The shocking news of Rowan Atkinson’s AKA Mr. Bean death went viral after a Twitter handled. Their headline read: “FOX BREAKING NEWS: ‘Mr. Bean (Rowan Atkinson)’ died at 62 After Crashing his Car on Attempt perfecting a Stunt”. But this was a fake eye catcher.
This news went viral as it duped users into clicking on a malicious link. Also, a post claiming that Mr. Bean actor Rowan Atkinson committed suicide began making the rounds on Facebook. The main aim of both the news on different social media was a part of a clickjacking scam, whose main objective is leading users to a story, by clicking the post which will redirect to a website, that attempts to obtain things such as Facebook access, personal information and survey answers.
MAIN OBJECTIVE OF THIS “Clickjacking” Scam
As soon as you click on the link, it will ask you to download a plug-in (which you should not) supposedly required to watch the video. Downloading the plug-in actually installs a malicious software/plugin that will re-send the same link to all your Facebook friends. It would also start posting such hoax news links and posts using your profile. This is what’s caused the faux report to go viral. The cyber prank was created by cybercriminals with the main goal to trick online users (especially social media users) into installing malicious Facebook applications, or other malicious software. The malicious Facebook application was used to send spam and other such posts to all of your Facebook friends. Such posts can be used to infect your computer with a virus, Trojan horse, spyware or ransomware. These infections can steal your personal and financial information, or demand a ransom in order to unlock your computer or files. Linkbeef, a site well known within the death hoax world for spewing out other fake stories of celebrities meeting their demise.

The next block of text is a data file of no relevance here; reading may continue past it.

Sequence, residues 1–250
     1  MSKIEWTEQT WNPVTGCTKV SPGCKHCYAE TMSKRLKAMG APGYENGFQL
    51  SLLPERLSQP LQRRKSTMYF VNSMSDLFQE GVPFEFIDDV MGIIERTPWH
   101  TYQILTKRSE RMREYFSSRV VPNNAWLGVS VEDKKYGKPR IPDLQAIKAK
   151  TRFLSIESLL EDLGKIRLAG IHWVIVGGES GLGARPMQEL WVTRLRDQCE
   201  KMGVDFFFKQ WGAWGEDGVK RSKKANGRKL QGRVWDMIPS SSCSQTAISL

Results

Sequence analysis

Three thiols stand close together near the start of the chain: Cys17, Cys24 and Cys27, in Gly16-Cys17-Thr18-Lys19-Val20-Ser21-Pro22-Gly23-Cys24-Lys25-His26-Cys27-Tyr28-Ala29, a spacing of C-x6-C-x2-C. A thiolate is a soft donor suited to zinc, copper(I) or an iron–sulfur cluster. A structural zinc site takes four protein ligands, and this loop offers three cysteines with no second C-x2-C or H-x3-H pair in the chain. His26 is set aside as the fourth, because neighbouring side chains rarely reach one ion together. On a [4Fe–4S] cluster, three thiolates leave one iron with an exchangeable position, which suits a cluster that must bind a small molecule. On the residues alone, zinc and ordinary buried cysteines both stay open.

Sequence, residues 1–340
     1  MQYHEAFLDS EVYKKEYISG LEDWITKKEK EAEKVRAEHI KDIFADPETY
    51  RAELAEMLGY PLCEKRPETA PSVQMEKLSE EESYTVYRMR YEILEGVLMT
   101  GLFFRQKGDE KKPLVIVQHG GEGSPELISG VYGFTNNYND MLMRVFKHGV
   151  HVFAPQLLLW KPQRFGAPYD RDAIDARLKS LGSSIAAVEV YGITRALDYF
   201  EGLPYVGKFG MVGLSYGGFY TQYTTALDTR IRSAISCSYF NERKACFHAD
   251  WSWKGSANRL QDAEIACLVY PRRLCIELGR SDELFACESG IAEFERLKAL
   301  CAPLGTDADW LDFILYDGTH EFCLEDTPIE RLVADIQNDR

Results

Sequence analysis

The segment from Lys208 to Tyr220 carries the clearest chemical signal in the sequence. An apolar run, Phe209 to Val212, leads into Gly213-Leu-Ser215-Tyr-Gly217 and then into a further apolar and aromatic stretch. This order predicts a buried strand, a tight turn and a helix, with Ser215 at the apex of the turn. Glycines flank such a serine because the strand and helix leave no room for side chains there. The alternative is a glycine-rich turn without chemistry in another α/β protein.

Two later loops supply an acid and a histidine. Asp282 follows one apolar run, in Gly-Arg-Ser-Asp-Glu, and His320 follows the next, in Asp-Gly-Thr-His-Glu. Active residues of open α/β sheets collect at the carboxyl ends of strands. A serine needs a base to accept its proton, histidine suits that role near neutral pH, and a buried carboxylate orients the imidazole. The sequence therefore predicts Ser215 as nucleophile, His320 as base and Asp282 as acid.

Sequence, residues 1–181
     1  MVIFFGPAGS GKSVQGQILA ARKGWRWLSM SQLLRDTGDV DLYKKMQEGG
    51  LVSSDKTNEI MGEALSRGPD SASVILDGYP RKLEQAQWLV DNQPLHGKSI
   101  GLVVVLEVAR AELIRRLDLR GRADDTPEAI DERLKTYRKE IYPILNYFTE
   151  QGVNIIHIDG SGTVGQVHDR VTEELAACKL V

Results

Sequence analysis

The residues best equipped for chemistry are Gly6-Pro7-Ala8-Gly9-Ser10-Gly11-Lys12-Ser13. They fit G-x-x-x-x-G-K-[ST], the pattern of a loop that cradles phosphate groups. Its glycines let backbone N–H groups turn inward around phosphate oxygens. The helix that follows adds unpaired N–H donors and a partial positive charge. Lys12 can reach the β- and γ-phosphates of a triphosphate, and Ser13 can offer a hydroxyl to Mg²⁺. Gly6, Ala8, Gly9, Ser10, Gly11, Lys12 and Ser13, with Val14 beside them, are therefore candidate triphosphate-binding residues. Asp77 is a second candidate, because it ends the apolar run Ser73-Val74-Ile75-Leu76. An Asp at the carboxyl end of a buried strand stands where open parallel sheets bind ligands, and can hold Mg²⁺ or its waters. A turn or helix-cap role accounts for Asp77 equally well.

Cautious about news on Social Media
If you read any news on Facebook of any famous celebrity you should never believe and one should always check with the legitimate news channels. Most of the time, the news on Facebook will ask you to click on the video attached to view it, you will be asked to download a “Facebook Media Plug-in“, which claims you will need in order to view the suicide video. There will be no video, rather you would end up installing a malicious computer program that will infect your computer with a virus or Trojan horse and would infect those connected with you over social media.